Complete Series: CCCCXXI
Hill Auditorium, Ann Arbor, Michigan
Fortysixth Season Fifth Concert
No. CCCCXXI Complete Series
2jtll Auditorium, Ann Arbor, iitrljtgatt
WEDNESDAY, JANUARY 28, 1925, AT EIGHT O'CLOCK
Moonlight Sonata, Op. 27, No. 2........................................Beethoven
Adagio sostenuto Allegretto Presto agitato
Twelve Etudes (Op. 10 and 25)...........................................Chopin
Op. 10--No. 3 in E major. Lento ma non troppo. No. S in G flat. Vivace. No. 6 in E flat minor. Andante. No. 7 in C major. Vivace. No. 10 in A flat. Vivace assai. No. 12 in C minor. Allegro con fuoco. Op. 25--No 1 in A flat. Allegro sostenuto. No. 2 in F minor. Presto. No. 3 in F major. Allegro. No. 5 in E minor. Vivace. ?No. 9 in G flat. Allegro vivace. No. 11 in A minor. Lento; allegro con brio.
(a) Doctor Gradus ad Parnassum
(b) Jumbo's Lullaby
(c) Serenade of the Doll
(d) Snow is Dancing
(e) The Little Shepherd
(f) Golliwog's CakeWalk
Preambule. Pierrot. Arlequin. Valse Noble. Eusebius. Florestan. Coquette. Replique. Sphinxes. Papillons. Lettres dansantes. Chiarina. Chopin. Estrella. Reconnaissance. Pantalon et Colombine. Valse allemande. Paganini. Aveu. Promenade. Pause. Marche des Davidsbundler contre les Philistines.
Steinway Piano Victor Records
Mr. Cortot has written in his "The Piano Music of Claud Debussy" the fol lowing paragraphs concerning "The Children's Corner" which are here quoted in the interest of a more complete understanding of this Suite:
From the very first measures of "Dector Gradus ad Parnassum," there is the charming vision of the child at the piano, and the slightly humorous tale of her frank, unequal and resigned struggle against the monotonous complications of the perfidious Muzio Clementi. What boredom, what unfathomable discouragement or what invincible need of distraction by a ray of sunlight, by a passing fly, by a rose shedding its petals, is revealed by those brusque stops, those sulky slowings down. And towards the end, what an irresistible bound to movement, to games, to liberty at last recovered! Then, with "Jumbo's Lullaby," we have the fine stories chanted gently to the placid felt elephant, too big for the little arms that nurse him.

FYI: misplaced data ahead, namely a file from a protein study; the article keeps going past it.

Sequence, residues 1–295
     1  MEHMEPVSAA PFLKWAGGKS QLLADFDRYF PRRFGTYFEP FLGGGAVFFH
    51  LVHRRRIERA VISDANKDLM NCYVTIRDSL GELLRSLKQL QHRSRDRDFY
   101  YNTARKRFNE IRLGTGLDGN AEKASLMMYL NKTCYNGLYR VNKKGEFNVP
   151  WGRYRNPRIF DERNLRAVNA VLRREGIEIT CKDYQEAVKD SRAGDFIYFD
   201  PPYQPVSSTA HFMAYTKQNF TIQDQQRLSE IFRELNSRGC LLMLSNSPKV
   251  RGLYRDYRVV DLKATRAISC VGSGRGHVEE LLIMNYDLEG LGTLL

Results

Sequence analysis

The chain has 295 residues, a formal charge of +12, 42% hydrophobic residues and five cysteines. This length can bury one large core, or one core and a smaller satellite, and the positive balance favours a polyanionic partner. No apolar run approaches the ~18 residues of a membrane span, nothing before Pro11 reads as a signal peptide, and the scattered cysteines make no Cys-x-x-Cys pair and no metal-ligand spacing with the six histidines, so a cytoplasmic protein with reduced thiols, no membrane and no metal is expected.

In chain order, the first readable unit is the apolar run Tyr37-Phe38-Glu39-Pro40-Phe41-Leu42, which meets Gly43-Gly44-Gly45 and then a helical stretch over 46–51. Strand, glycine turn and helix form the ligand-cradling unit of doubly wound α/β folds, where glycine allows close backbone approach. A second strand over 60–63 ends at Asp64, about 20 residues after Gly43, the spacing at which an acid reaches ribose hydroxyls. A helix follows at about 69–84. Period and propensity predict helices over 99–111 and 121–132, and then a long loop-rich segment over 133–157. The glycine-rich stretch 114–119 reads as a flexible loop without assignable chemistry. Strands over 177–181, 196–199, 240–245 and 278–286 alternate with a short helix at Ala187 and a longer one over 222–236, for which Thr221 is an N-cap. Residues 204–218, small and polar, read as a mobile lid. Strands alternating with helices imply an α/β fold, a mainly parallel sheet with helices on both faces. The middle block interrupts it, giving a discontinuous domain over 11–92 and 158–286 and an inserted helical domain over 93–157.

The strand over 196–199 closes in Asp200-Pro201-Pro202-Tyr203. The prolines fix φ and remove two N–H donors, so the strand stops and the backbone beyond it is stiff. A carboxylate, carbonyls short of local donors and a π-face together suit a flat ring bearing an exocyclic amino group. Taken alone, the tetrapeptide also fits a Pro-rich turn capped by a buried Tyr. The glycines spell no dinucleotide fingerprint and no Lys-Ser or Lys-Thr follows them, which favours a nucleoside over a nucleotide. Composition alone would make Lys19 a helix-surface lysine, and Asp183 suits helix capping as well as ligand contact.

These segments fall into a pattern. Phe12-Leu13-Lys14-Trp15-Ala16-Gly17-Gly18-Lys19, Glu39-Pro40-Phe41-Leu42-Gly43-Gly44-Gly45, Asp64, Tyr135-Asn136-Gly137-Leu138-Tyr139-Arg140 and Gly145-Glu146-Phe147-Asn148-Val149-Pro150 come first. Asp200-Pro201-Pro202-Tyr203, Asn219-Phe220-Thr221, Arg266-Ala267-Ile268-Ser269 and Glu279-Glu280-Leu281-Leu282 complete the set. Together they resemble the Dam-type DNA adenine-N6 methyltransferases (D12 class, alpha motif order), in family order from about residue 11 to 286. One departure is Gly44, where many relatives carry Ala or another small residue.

"She tells them to him without using words, these stories she invents herself, a Scheherazade six years old, who pursues in waking moments that inner prodigious dream of childhood, more intense than reality, more captivating than fairy stories. Then is it the child or the plaything that goes to sleep Perhaps both.
"We must no doubt impute to the rudimentary knowledge of the English language possessed by Debussy the slight error which makes him call the following piece: 'Serenade of the Doll,' while the index on the front page of the series gives: 'Serenade for the Doll.' The French translation certainly gives the exact sense in giving 'Serenade a la poupee,' and not 'de la poupee.' It is a very small detail, but has nevertheless its interest for the interpreters since it allows one to substitute for the slightly sarcastic imitation of mechanical movement, all the defiant grace and free fancy of a childish joke, gazed on by the fixed smile of the new doll, immobile in the exaggerated attitude in which the last caprice has left it.
" 'Snow is Dancing'--and it is a melancholy pleasure to follow with one's eyes, one's face pressed against the window of the warm room, the indolent fall of the flakes. But what has happened to the birds and the flowers And when will the sun shine again
" 'The Little Shepherd': little imaginary charming herd of the naive flock which has just been taken out of its box and which smells of varnish and resin, how you bear in you all the poetry of that unsuspected life which your ingenious metamorphosis creates, all its pastoral sweetness, its silence and its distances!
" 'Golliwog's Cake Walk": ataxic and dislocated, the puppet puts itself out of joint according to the free rhythm which breaks its bounds and there are such bursts of fresh laughter, such delicious gaiety in guiding its comic attitudes, that an inexpressible emotion makes the hand noting the game tremble with tenderness.
FRIDAY, FEBRUARY 13, 8:00 P. M.
SOPHIE BRASLAU, Contralto, will give a concert in the Choral Union Series. Tickets are on sale at the School of Music at $1.00, $1.50 and $2.00
MONDAY, FEBRUARY 23, 8:00 P. M.
DETROIT SYMPHONY ORCHESTRA, Ossip Gabrilowitsch, Conductor, Guy Maier, Lee Pattison and Arthur Shattuck, Pianists. Tickets on sale at School of Music at 50c, $1.00, $1.50 and $2.00.
THE 4NN MtBOR PRESS